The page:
Amongst the innovative systems available to boost vehicle safety are PRE-SAFE® Impulse Side and PRE-SAFE® Sound. While PRE-SAFE® Impulse Side performs a preventive sideways movement of the driver or front passenger in the event of a detected and imminent side collision, PRE-SAFE® Sound generates a short noise signal to protect the eardrum in the event of a detected risk of collision and the considerable crash noises anticipated. The high-resolution MULTIBEAM LED headlamps with 84 individually controlled high-power LEDs per headlamp ensure precise, automatically controlled light distribution. The 9G-TRONIC nine-speed automatic transmission is standard equipment in the E-Class, while the AGILITY CONTROL suspension and DYNAMIC BODY CONTROL suspension, also standard equipment, can be optionally supplemented with AIR BODY multi-chamber air suspension.
The exterior and interior design of the most intelligent business saloon is clear, sensual and characterised by high-quality materials. The optional widescreen cockpit consists of two high-resolution displays, each with a 12.3-inch diagonal, which visually merges to form what appears to be a free-floating display. Touch-sensitive controls in the steering wheel make it possible for the first time to operate many of the car’s functions in a manner similar to the touchscreen of a smartphone. The interior lighting with LED technology can be extended to create ambient lighting with 64 colours as an extra.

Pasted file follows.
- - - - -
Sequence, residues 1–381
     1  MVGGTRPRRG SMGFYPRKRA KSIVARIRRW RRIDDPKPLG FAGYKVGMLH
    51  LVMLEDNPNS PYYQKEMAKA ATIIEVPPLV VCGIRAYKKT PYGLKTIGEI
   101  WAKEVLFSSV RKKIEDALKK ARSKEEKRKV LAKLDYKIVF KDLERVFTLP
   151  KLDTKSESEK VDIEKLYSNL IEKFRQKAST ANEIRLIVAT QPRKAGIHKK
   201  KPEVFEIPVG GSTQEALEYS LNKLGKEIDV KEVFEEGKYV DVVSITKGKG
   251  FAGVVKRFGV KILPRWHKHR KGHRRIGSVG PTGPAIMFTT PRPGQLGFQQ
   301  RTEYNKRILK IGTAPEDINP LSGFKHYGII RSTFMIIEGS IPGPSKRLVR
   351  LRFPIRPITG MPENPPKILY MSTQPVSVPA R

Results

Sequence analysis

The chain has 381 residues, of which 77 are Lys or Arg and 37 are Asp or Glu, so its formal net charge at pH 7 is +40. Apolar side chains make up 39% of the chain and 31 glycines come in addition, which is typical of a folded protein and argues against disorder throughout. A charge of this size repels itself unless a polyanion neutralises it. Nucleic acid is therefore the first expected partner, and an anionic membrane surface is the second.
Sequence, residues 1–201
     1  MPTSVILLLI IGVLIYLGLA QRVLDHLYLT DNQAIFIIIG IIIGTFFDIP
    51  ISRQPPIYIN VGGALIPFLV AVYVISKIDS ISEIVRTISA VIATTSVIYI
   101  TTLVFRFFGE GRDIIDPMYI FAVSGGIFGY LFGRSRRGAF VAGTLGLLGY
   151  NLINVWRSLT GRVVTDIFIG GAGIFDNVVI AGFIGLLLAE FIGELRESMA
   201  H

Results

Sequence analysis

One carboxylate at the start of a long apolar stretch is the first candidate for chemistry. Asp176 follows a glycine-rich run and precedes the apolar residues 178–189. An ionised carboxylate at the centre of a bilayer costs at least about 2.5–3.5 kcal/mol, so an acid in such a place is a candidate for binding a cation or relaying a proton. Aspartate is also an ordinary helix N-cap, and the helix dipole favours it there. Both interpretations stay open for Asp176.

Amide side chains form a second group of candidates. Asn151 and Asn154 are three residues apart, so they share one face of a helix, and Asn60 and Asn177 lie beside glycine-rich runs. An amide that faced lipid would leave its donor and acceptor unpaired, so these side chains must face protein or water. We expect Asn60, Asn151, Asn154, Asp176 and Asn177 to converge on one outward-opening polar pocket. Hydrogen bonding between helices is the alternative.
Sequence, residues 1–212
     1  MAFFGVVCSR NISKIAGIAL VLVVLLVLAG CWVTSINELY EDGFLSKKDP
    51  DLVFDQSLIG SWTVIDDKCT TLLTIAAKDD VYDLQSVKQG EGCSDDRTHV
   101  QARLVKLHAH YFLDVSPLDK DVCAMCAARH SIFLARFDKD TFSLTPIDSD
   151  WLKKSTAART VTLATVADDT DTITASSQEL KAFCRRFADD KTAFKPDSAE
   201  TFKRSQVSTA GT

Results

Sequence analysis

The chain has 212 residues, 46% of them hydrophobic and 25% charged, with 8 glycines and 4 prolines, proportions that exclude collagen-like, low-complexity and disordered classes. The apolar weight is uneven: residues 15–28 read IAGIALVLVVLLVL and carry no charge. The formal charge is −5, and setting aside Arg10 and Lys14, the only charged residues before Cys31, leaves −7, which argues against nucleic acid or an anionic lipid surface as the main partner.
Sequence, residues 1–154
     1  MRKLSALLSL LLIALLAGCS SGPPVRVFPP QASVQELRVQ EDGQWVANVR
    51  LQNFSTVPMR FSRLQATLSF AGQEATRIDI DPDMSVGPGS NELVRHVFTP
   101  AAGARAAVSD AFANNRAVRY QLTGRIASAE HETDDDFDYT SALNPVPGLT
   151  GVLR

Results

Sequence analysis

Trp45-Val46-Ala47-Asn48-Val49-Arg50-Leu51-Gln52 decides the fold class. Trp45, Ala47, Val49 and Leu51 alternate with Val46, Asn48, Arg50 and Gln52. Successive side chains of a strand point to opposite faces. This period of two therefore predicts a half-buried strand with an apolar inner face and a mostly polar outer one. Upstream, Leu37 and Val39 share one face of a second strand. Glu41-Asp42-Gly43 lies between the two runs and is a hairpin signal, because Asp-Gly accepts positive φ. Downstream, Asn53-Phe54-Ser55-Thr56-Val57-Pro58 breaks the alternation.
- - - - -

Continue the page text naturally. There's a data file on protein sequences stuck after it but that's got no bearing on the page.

Half a year after the saloon (W 213) was launched, the Stuttgart-based brand presented its estate (S 213) in September 2016. The coupé (C 238) followed in March 2017 and, in June 2017, the cabriolet (A 238). Model series 213 started off with six engine options with outputs ranging from 135 kW (184 hp) to 245 kW (333 hp). Three of those were petrol engines, two were diesel-powered vehicles and one was a plug-in hybrid. Mercedes-Benz continued to develop the range, so that, in the same year, performance models from AMG with outputs from 295 kW (401 hp) to 450 kW (612 hp) were launched.
In 2020, Mercedes-Benz is presenting the upgraded E-Class using the slogan “Intelligence is getting exciting”. Many aspects of the E-Class have been updated – ensuring the vehicle category will continue the tradition well into the future.